Cloud computing: Microsoft fixes Azure flaw that could have allowed access to other accounts

Microsoft has fixed a bug in the Azure Automation service that could have allowed one account owner to access another customer’s accounts using the same service. 

Azure Automation lets customers automate cloud management tasks or jobs, update Windows and Linux systems, and automate other repetitive tasks. 

According to security firm Orca, the bug, which it reported to Microsoft on December 6, allowed a potential attacker on the service to “gain full control over resources and data of a targeted account, depending on the permissions of the account.”

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Orca researcher Yanir Tsarimi says the flaw he found allowed him to interact with an internal Azure server that manages the sandboxes of other customers.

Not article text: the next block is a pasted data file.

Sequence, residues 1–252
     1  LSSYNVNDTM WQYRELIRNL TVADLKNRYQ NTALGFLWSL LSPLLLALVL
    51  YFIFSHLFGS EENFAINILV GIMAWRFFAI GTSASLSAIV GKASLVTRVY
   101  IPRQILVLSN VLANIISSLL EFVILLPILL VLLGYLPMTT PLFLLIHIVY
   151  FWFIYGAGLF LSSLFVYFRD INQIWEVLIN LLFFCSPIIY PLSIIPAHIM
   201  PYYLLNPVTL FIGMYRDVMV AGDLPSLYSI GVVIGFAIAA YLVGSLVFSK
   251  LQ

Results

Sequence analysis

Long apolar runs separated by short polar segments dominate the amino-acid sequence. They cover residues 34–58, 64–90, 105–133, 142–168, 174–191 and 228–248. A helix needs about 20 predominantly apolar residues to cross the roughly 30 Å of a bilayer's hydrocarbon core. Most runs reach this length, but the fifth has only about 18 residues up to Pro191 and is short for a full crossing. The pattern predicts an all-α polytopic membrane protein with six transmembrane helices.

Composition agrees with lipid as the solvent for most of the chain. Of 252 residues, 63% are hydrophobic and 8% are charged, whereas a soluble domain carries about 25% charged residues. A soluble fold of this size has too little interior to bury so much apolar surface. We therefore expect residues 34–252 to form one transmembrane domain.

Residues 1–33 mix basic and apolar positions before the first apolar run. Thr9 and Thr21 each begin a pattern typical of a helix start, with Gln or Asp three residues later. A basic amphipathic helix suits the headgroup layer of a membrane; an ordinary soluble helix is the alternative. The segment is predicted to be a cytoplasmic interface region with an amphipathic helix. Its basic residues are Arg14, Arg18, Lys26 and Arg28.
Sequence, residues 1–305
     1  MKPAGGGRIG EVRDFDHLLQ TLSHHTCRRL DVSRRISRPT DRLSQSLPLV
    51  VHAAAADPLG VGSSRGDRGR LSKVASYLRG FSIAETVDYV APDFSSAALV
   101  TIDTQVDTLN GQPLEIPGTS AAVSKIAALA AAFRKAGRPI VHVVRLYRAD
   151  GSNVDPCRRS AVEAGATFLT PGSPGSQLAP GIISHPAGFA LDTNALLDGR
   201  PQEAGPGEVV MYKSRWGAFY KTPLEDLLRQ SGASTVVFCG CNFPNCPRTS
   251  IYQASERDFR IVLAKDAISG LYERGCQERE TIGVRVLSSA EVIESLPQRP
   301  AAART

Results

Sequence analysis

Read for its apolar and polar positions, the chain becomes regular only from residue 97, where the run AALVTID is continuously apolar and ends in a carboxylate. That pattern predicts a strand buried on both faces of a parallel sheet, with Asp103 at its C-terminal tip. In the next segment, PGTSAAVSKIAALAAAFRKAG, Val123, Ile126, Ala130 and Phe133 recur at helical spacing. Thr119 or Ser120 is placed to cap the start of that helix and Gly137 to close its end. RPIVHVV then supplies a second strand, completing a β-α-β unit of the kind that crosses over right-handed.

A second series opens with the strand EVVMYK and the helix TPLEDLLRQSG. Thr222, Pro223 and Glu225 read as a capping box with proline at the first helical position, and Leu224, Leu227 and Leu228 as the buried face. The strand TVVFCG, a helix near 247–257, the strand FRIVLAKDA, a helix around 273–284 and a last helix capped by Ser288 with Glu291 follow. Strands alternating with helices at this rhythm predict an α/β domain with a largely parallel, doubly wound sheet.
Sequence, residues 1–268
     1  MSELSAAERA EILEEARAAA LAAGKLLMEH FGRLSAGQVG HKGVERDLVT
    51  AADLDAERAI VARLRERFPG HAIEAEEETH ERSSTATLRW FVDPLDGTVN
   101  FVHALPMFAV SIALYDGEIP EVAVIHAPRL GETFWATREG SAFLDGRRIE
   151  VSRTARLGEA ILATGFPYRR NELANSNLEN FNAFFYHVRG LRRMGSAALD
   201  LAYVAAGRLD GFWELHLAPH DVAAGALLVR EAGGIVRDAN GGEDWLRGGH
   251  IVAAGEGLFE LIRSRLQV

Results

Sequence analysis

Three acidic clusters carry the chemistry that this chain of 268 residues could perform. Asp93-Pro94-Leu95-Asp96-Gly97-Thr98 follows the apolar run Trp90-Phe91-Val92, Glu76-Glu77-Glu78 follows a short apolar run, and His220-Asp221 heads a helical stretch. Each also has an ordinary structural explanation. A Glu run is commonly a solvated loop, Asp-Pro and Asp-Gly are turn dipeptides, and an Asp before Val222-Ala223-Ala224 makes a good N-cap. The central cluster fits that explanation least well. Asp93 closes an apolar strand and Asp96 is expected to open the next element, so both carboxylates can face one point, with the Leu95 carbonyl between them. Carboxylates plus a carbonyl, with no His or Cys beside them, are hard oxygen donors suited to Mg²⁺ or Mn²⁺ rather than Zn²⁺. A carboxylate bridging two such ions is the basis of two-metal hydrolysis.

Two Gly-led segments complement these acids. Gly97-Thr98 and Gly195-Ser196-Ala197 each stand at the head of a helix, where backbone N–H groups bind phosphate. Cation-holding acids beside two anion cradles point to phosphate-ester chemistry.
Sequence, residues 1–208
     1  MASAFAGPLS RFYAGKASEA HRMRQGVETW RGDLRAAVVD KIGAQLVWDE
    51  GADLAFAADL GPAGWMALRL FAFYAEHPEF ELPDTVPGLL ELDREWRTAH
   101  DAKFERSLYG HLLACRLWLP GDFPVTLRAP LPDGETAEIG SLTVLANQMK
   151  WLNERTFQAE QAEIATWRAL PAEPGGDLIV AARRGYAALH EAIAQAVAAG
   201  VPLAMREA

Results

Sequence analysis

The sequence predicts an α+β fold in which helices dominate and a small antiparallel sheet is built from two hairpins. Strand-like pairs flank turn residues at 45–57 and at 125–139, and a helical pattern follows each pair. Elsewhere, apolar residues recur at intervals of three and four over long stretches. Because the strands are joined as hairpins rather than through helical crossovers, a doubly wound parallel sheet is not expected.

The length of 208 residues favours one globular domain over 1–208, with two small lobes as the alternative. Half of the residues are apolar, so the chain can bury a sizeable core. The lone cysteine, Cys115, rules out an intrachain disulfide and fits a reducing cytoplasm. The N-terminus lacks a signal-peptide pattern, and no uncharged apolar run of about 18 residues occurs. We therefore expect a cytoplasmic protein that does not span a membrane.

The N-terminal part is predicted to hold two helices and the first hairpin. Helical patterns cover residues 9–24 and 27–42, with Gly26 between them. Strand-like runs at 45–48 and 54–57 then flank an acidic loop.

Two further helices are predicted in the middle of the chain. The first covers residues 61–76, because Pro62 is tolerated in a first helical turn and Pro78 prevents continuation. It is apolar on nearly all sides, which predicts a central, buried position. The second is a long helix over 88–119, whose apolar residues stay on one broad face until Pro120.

“We managed to obtain authentication tokens for other customer accounts through that server. Someone with malicious intentions could’ve continuously grabbed tokens, and with each token, widen the attack to more Azure customers,” explains Tasrimi. 

Microsoft has clarified that only Azure Automation accounts that used Managed Identities tokens for authorization and an Azure Sandbox for job runtime and execution were exposed.  

However, Orca also notes that the Managed Identities feature in an Automation account is enabled by default. 

Microsoft says

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